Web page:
Geraldine Lee used to be able to walk home through downtown Trail without feeling threatened.
After increasing close encounters with unsavoury street characters over the last few years, Lee, now 73, had had enough.
On Saturday she enrolled in Jason Ayles’ Self Defence for Women course at Trail Martial Arts Centre and gained a little empowerment through knowledge — and the correct technique for a knee to the groin.
She figured the course would bring her awareness out and learn what she could do to protect herself if she was surprised on her walk home and the situation went bad.
“You see people looking at you on the street and maybe thinking, ‘Hey, you’re an easy mark.’ I don’t want to be afraid of someone coming down the street, but I’m going to use my head,” she said.
Not in the Irish sense of physical conflict, but in non-violent conflict resolution, which was a big part of what Ayles taught in his introductory class.
A lot of ladies end up in trouble at some point in their lives, said Ayles, a martial arts master with 17 years experience, so the idea was to train them to get out of that situation before it happened, or if it does get physical how they could actually defend themselves.
“This is teaching people the most effective techniques that they are not going to hurt themselves but, if they have to defend themselves that is what they’ll use,” he said.
And the statistics show at some point a woman may have to defend herself.
In Canada, 51 per cent of women over the age of 16 have been a victim of physical or sexual violence, while 33 per cent of female victims were assaulted by a friend or a casual acquaintance.
The women in Ayles’ course learned non-confrontational ways to diffuse a situation before it became physical.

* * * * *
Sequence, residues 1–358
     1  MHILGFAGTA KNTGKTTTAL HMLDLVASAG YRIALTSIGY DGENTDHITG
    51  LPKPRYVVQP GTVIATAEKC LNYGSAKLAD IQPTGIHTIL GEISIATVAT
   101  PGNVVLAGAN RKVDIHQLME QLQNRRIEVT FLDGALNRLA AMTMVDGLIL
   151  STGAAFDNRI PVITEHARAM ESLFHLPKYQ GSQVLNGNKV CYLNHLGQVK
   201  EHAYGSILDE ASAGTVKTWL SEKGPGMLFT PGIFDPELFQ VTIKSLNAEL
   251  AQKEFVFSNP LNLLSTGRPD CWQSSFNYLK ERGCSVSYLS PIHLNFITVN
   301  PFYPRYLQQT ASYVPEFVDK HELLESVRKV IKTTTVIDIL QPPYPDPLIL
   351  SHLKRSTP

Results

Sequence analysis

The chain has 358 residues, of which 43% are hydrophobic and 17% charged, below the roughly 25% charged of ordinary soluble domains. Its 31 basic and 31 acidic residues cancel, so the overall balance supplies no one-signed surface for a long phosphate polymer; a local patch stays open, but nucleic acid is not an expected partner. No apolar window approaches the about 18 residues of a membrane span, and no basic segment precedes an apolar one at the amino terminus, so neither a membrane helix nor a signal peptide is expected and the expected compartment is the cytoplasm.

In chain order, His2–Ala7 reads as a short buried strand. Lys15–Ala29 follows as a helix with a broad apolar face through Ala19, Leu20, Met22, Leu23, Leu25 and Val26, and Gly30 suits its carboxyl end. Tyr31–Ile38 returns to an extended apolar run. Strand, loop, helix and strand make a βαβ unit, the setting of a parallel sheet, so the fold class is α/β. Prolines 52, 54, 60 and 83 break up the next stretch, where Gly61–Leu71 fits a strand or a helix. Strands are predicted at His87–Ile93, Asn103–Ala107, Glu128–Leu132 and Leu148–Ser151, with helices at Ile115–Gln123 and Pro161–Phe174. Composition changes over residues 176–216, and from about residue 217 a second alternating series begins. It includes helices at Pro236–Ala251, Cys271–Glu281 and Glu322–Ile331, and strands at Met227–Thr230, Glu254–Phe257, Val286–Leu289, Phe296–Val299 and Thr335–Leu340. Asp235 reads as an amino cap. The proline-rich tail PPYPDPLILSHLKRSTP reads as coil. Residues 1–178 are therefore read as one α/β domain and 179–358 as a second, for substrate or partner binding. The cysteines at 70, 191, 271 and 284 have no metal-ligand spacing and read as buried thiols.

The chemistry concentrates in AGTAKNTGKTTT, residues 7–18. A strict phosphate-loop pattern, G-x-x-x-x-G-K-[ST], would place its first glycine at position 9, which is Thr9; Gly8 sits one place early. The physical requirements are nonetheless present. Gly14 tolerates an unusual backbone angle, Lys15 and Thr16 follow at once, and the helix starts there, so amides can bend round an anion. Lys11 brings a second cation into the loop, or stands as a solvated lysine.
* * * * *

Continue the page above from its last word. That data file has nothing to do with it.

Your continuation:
Ayles taught common sense, like having keys in your hand as you are going to your car so you are not stopped and fumbling for them, leaving yourself open to attack.
On the street Ayles said people need to be looking up and ahead and not at their feet.
“If you are looking at your feet while you are walking, all of a sudden someone is there and you are in the physical zone already,” he said. “If you are looking ahead of you you’ll see that and avoid it.”
The women also learned basic self defence techniques, including how to break holds, as well as the three rules of self defence.
“There are no rules,” said Ayles. “In self defence you need to do whatever you need to do to survive and you need to make that decision right here, right now.”
He also said to be aware.
“It’s very simple but something people lose sight of a lot,” Ayles noted. “Always observe what is happening around you or coming towards you.”
And be in shape. Statistics show most altercations last less than 60 seconds.
“So one minute of hard cardiovascular work is what you need to defend yourself,” he told the class. “If you can push yourself hard for one minute, then there is a good chance you’ll get away.”
They also learned the three elements of an altercation:
• Gut stage – having a bad feeling about the situation. Women should trust their instincts and get out if you are having a bad feeling about it.
• Verbal stage – the encounter begins with an “interview” whereby the attacker is trying to assess the situation and see if you are weak.
• Physical stage – there is an area around you called the physical zone where if an attacker enters he can attack.
The workshop concluded with a confidence building exercise as each woman lined up to break a board with their bare hands — and all were successful.
The learning continues next month with a men’s survival course, which is men’s self defence program geared specifically towards guys. In March, women can take the next step in self defence in the Covar seminar.